Re: Religious Variation

John McCreery (jlm@TWICS.COM)
Mon, 12 Aug 1996 23:34:52 +0900

Davenport raises an interesting question. Even a cursory review of the core
doctrines of several major religions shows a stronger focus on
relinquishing control than on taking control. Christianity and Islam both
advocate submission to a heavenly patriarch and faith that God will do the
right thing. Taoism espouses a return to the womb through cultivating a
relationship to the world like that of the fetal embryo that floats in
perfect harmony with the mother. Buddhism is even more radical; elimination
of desire leads with remorseless logic to the dissolution of the self, so
there's nothing to worry about. Is, then, as Davenport suggests, the view
of religion as taking control in uncertain situations an artifact of a
worldview dominated by science and technology? I think he is on to
something here that is definitely worth exploring. As usual, however, I
will attempt to complicate matters.

Besides doctrine, what do we know about the cases in question:
Christianity, Islam, Taoism, Buddhism? We know (and this is documented
history; not "If I were a horse") that all these religions arose in the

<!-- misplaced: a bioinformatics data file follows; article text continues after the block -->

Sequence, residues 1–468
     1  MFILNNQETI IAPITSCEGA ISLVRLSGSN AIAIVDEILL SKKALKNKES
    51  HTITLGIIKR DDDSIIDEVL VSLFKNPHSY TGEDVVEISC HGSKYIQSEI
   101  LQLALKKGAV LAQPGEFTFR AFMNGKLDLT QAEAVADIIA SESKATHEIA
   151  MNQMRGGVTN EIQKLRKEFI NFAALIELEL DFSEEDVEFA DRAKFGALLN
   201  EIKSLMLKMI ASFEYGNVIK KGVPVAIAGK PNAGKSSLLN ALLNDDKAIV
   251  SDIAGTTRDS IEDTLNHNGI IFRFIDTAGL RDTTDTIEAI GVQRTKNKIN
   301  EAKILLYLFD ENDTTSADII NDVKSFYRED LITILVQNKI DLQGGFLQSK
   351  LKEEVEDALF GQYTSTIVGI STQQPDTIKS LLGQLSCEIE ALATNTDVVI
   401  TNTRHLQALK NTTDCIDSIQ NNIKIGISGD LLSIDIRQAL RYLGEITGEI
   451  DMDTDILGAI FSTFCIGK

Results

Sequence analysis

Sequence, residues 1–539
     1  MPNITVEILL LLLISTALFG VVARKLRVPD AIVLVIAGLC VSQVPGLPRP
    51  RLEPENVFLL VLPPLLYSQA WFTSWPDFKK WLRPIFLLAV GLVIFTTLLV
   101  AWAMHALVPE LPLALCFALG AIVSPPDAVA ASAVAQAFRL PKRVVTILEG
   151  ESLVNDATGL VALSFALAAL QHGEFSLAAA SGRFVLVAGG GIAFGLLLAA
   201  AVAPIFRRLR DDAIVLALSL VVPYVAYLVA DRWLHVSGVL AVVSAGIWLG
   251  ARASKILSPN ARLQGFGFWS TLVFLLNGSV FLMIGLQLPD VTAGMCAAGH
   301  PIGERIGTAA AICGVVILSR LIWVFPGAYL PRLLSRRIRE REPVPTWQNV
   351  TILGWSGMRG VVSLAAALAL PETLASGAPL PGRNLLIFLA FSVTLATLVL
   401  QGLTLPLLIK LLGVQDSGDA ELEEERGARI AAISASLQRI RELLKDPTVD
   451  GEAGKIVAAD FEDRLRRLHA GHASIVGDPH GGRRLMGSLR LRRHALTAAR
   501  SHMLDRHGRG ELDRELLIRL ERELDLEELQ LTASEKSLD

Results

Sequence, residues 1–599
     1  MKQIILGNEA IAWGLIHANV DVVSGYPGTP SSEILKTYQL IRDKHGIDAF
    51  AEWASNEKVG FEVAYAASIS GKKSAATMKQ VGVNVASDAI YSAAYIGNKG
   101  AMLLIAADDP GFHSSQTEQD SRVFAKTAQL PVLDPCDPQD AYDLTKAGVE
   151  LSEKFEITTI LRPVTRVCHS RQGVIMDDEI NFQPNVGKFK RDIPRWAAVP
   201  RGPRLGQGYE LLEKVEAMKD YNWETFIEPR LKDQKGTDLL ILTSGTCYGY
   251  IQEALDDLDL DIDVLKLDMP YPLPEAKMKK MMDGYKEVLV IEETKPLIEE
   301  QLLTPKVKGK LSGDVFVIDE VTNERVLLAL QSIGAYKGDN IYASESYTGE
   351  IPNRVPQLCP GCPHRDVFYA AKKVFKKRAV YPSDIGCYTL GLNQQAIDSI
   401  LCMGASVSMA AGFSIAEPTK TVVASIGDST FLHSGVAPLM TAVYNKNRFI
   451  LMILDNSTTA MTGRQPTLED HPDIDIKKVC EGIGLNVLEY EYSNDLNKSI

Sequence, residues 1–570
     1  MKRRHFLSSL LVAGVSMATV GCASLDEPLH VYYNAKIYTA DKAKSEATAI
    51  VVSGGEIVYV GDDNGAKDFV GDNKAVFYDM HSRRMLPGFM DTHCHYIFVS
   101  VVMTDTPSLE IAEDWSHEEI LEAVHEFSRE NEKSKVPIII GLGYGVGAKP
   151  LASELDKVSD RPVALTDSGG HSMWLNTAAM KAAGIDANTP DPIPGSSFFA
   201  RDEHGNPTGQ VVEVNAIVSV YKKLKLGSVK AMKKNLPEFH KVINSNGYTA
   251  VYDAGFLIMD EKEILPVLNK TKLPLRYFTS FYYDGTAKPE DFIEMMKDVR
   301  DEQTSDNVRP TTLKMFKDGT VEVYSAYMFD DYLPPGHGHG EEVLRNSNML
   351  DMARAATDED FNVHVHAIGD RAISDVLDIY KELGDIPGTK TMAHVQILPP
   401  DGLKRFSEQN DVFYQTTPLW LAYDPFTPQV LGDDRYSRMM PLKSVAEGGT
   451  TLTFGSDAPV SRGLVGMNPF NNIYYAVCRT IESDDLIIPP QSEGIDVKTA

contest of traditional states and in conscious opposition to existing
religious systems, all of which were highly ritualistic. Each in its own
way opposed magical (a.k.a. manipulative) ritual aimed at securing such
worldly goals as wealth, health, and fertility. None has ever succeeded in
spreading its original, undiluted message to more than a tiny minority of
humanity. All, in their current popular forms, tend to be deeply involved
with--yes, you guessed it--wealth, health, and fertility. The most typical
of miracles is healing. The most convincing evidence of divine favor is
prosperity. Among adherents to organized religions, prosperity is recycled
in acts of religious merit that include among their by-products the
conversion of economic into cultural capital accruing prestige.

These facts tend to be highly distressing to those rare individuals who
find special meaning and comfort in the original messages. That these
individuals are rare and may yet retain a special moral authority is
another datum that needs explanation.

John McCreery
3-206 Mitsusawa HT, 25-2 Miyagaya, Nishi-ku
Yokohama 220, JAPAN

"And the Lord said unto Cyrus, 'Shall the clay say to him who moldest it,
what makest thou? Let the potsherd of the earth speak to the potsherd of
the earth." --An anthropologist's credo